Legal Guide

General Practitioners - Should They Take on Sex Crime Cases?

While many defense attorneys consider themselves “General Practitioners,” typically the caveat is that they chose not to handle Sex Crimes cases. Typically, a “General Practitioner” handles any type of case that comes their way. However, when it comes to sex crimes, there is a negative stigma attached to taking on those cases. The overall feeling amongst defense attorneys is that sex crime cases, specifically criminal sexual conduct, are too dificult to win, have facts that cannot be stomached, involve topics that they don’t feel comfortable defending and penalties that are insurmountable. While many defense attorney’s may have personal experiences in their life that truely preclude them from being able to defend sex cases, the number of general practioners that are willing to take on sex crimes is dwindling and dwindling.

Often times, general practitioners have zero experience in handling sex crime cases, yet they decide to take them on. By doing that, a general practitioner is doing a disservice to the individual being accused of a sex crime. It's equivalent to having a doctor who is a general practitioner do heart surgery as opposed to a cardiologist. If you are having issues with your heart, of course, you go see a cardiologist as opposed to your general practitioner because the cardiologist is more equipped to properly and successfully assist you. Just like with the law, if you are being charged with a sex crime, a lawyer who focuses on sex crimes will more likely be equipped to properly and successfully assist a client accused of sex crimes.

If a general practioner is considering taking on a sex case, prior to taking on the sex case, a genreal practioner must make sure they are familiar with how to handle sex cases. Although sex cases should be handled the same way as any other case, ie. plug in the elements, to be successful in properly handling a sex case, special knowledge and experience is required. There are certain areas of the law that pertain specifically to sex crimes and must be well understood prior to accepting a sex crime case. For example, a general practitioner should be well versed in “Other Acts” Motions, Child Advocacy Center’s role in a sex crime, the penalties and possible mandoatory-minimums that apply, depending on the state it occurred.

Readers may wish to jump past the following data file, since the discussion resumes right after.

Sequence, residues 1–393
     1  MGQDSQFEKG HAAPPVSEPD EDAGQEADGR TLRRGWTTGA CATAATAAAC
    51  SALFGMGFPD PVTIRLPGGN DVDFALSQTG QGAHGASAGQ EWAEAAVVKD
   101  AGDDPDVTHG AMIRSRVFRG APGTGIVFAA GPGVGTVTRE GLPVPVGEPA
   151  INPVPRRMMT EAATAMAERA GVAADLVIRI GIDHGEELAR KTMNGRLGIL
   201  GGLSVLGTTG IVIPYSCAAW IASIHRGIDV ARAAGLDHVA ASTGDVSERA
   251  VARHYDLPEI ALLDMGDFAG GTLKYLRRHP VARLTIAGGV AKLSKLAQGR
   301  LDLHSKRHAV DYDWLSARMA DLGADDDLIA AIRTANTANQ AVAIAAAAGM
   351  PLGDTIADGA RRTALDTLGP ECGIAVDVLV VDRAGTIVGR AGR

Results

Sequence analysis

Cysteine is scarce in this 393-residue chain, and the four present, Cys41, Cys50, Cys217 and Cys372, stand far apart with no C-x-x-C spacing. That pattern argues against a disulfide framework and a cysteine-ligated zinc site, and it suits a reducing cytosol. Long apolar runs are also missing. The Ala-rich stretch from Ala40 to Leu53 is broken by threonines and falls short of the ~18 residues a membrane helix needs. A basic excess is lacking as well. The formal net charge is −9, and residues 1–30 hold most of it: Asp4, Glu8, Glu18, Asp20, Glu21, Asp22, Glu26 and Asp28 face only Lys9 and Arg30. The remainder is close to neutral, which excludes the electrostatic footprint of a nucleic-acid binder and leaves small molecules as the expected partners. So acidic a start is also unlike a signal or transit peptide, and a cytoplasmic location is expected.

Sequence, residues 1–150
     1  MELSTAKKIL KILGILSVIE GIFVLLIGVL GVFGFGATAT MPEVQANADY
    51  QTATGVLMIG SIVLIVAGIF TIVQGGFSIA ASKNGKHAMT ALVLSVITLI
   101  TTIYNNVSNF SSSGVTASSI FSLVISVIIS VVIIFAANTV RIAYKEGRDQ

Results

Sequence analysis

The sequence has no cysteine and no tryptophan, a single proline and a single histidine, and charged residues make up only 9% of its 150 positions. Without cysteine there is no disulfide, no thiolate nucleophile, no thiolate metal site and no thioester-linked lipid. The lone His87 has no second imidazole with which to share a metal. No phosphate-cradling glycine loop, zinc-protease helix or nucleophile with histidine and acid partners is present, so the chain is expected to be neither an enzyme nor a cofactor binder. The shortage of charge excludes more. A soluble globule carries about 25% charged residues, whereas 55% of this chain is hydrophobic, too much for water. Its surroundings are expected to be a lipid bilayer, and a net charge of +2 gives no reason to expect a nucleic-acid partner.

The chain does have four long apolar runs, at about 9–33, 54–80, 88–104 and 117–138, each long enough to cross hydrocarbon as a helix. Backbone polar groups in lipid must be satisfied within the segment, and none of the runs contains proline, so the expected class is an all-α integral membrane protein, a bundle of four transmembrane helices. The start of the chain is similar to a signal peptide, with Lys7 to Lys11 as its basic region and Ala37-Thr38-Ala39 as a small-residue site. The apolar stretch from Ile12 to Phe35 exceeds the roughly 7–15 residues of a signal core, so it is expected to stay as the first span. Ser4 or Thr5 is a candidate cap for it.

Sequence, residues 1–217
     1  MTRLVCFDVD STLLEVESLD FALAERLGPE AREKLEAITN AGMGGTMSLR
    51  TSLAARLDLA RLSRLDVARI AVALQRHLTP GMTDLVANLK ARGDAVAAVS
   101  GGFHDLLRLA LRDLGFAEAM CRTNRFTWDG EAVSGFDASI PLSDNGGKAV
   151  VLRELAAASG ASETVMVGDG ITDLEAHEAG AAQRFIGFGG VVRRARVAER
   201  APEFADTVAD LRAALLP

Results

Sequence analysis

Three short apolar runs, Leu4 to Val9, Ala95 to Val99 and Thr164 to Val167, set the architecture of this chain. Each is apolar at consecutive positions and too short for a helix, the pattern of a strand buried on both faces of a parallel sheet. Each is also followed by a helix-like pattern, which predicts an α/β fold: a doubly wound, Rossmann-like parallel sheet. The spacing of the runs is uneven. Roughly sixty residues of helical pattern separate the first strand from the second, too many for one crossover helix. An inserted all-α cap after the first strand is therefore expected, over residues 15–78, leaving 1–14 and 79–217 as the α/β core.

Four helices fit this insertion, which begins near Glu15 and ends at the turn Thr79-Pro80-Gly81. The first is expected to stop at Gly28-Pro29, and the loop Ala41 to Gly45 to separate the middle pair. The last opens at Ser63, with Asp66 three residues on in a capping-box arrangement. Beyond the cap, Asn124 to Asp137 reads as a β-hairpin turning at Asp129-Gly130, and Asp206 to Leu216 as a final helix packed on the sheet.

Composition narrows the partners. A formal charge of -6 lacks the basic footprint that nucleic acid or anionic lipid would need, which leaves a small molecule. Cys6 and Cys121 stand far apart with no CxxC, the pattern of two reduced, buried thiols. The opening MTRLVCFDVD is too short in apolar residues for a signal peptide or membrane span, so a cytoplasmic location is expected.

In order to assist in determining if a general practitioner should take on a case which involves allegations of sex crimes, its imperative to be honest with yourself and the potential client. Ask the following questions of yourself and if your answer is “NO” to any one of them, then sex crimes may not be right for you. Ask yourself the following questions:

  • Are you comfortable questioning a child? A number of sex crime cases involve children under the age of thirteen. It takes a skilled attorney to be able to effectively and appropriately cross examine a child. Not to mention, the

subject matter itself is not an easy topic to cross examine any witness on, let alone a child.

  • Are you comfortable looking at compromising pictures, videos or objects related to sex and private parts? You have to have the ability to separate your emotions from the facts of the case, which for most people is difficult to do. Nobody wants to watch a video of a child doing sexual acts to an adult or see pictures of a child in compromising psoitions, otherwise known as child pornography. However, to be an effective attorney these are the types of things that are required.
  • Are you comfortable taking the time to understand all the nuances that come along with handling sex crime cases? There is no such thing as, just another sex crime case. Sex crime cases involve areas of the law that are not commonly explored when handling any other type of crime. The general practioner who accepts a sex crimes case has to be committed to becoming familiar with the specific laws that apply in your state related to sex crimes.

There is no doubt that handling a case that involves charges of a sexual nature may be tough and pull on your personal heartstrings. There is a lot of responsibility that comes with accepting a sex crimes cases. So when deciding whether or not you, as a general practitioner, should handle sex crime cases, make sure to be honest with yourself and do not be afraid to ask for help from those of us who solely focus on sex crime cases.

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